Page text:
This module develops your skills and understandings of specialist moving image production and post-production technologies. You will develop a short creative film from initial concept to post-production.

Digital Broadcasting (20 Credits)

You will develop radio production skills including scripting, vocal delivery, content research and creation, studio and location recording and editing by designing and producing a professional podcast. You will also build on your television production skills, including vision control, graphics, sound, directing and vision mixing, through the creation of a live show suitable for broadcast.

Professional Perspectives in the Creative Industries 2 (20 Credits)

This is an optional module that prepares you for work-related experience in the creative industries, which is an important step towards your future employment. Tailored workshops and industry guests will help you to understand popular trends, issues and markets in order for you to make the best of these opportunities.

Year 3

Pre-Production for Final Project (20 Credits)

This module is where you will research and plan your final production, which is produced in semester two. You will follow industry-standard planning and pre-production procedures to produce an appropriate project proposal or ‘pitch’. You will develop your proposal into a pre-production portfolio comprising a collection of supporting materials.

Final Project (20 Credits)

This module gives you the opportunity to synthesise the technical expertise you have acquired throughout the programme to work as part of a team to create an ambitious professional production. The Final Project will add to your showreel and act as your ‘calling card’ when seeking professional employment.

Professional Perspectives in the Creative Industries 3 (20 Credits)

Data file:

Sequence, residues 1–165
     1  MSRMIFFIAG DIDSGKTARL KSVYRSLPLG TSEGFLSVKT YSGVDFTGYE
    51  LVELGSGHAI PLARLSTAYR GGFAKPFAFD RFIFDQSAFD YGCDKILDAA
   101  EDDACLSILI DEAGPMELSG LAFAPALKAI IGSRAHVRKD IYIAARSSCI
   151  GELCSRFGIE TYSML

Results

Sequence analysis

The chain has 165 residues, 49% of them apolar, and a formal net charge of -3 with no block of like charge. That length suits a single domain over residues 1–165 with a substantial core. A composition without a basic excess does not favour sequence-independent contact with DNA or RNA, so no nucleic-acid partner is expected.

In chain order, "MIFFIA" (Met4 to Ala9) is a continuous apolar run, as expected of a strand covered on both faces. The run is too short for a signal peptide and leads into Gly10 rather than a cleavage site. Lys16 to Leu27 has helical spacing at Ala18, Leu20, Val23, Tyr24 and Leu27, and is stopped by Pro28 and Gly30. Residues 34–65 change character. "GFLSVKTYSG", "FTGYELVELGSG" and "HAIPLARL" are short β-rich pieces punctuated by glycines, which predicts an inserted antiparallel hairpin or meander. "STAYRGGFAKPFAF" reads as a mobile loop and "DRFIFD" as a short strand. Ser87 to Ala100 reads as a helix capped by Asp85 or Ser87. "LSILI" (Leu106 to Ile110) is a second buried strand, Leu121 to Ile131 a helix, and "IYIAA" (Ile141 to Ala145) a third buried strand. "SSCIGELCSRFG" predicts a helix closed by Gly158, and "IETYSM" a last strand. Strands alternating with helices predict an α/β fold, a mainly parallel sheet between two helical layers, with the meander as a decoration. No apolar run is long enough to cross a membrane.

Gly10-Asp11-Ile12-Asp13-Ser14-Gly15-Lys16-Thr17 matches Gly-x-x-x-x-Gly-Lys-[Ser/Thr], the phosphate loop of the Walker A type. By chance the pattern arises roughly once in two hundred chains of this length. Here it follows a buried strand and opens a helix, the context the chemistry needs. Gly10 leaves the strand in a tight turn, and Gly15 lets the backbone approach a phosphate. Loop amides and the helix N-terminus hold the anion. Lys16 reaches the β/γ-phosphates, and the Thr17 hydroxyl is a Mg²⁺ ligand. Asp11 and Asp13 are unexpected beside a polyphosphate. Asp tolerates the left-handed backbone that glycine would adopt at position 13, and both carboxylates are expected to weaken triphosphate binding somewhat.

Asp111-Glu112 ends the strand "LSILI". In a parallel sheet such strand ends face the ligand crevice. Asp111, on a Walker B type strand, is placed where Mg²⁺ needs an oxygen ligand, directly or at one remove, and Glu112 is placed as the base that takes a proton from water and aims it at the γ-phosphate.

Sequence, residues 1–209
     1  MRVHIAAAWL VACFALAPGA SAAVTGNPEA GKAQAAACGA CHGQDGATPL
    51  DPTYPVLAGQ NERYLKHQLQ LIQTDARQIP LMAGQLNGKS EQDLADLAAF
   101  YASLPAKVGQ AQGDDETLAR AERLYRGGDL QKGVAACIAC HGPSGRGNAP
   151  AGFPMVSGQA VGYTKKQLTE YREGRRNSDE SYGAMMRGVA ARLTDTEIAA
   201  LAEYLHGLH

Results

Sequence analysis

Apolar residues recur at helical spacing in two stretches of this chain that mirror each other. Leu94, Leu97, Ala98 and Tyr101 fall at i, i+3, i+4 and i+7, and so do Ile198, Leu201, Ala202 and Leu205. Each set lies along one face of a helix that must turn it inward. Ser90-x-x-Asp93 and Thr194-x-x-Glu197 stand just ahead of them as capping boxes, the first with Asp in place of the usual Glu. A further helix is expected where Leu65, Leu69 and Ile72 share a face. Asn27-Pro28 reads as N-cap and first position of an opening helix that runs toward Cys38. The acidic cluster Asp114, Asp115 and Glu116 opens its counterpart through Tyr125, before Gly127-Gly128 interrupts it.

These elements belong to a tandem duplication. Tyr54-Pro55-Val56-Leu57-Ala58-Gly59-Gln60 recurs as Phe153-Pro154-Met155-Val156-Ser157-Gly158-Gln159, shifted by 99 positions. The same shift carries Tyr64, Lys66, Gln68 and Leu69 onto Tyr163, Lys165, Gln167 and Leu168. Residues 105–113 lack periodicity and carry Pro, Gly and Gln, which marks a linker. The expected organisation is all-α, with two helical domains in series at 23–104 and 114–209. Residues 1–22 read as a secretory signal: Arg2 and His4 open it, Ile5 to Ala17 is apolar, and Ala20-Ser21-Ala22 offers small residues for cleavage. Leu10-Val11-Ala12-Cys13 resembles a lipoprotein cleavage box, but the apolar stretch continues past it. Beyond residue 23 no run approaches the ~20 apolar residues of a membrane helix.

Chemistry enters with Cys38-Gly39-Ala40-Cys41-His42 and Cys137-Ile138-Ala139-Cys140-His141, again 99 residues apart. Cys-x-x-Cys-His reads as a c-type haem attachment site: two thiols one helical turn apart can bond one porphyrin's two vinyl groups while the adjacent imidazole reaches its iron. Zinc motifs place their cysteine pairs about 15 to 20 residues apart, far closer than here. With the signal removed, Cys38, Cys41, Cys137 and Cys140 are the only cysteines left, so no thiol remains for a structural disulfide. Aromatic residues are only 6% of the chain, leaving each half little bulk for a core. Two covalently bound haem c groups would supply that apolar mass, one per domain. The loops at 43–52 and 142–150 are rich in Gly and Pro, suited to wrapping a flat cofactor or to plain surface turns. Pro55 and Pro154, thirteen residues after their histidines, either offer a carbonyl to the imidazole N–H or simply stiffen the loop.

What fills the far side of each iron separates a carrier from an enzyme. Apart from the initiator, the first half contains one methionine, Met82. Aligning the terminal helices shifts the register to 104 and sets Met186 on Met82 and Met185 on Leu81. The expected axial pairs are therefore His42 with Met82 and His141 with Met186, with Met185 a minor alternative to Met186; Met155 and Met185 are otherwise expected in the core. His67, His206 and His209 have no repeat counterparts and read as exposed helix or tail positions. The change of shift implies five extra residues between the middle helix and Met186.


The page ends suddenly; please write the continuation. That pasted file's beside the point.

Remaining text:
The module prepares you for entry in to the creative industries by developing key skills in presentation, pitching, networking, portfolio management, and team-work. The module focuses on work readiness by examining freelancing, self-employment, and setting up a micro-business. You will respond to briefs set by industry experts to simulate the experience of a creative industries pitch. You will have contact with industry professionals who will help to set project briefs and offer feedback on your work.

Likely optional modules

Year 2

Film Sound and Music (20 Credits)

You will examine the theoretical frameworks in which film sound has been understood and relates them to production practices and developments in film sound technology. You will also consider the ways in which sound works to produce meaning and emotional effects for the audience. The module aims to enable you to make critical connections between film and other forms of auditory experience in order to better understand the use of sound in cinema.

World Cinema (20 Credits)

This module aims to introduce you to a variety of international films and develop their ability to critically engage with specific expressions within the context of national identity, industry, genre/movements, themes and style. You will examine a number of movements and styles and be encouraged to interpret the significance of films and place them in the context of the larger cultural systems of which they are a part.

Popular TV (20 Credits)

In Popular TV, you will analyse the industrial practices and cultural contexts of popular programming on British television and evaluate key debates and theories relating to popular formats and genres such as quiz shows, lifestyle programming and talk shows. You will develop an awareness and understanding of the multitude of ways that TV producers engage with the popular audience across a multi-platform medium.

Editing - Practice and Theory (20 Credits)

This module develops your critical understanding of the process of editing through practical exercises and the analysis of cinematic texts. The module introduces you to the theory of editing and provides practical opportunities for you to develop your understanding of the importance of the editing process in film and television production.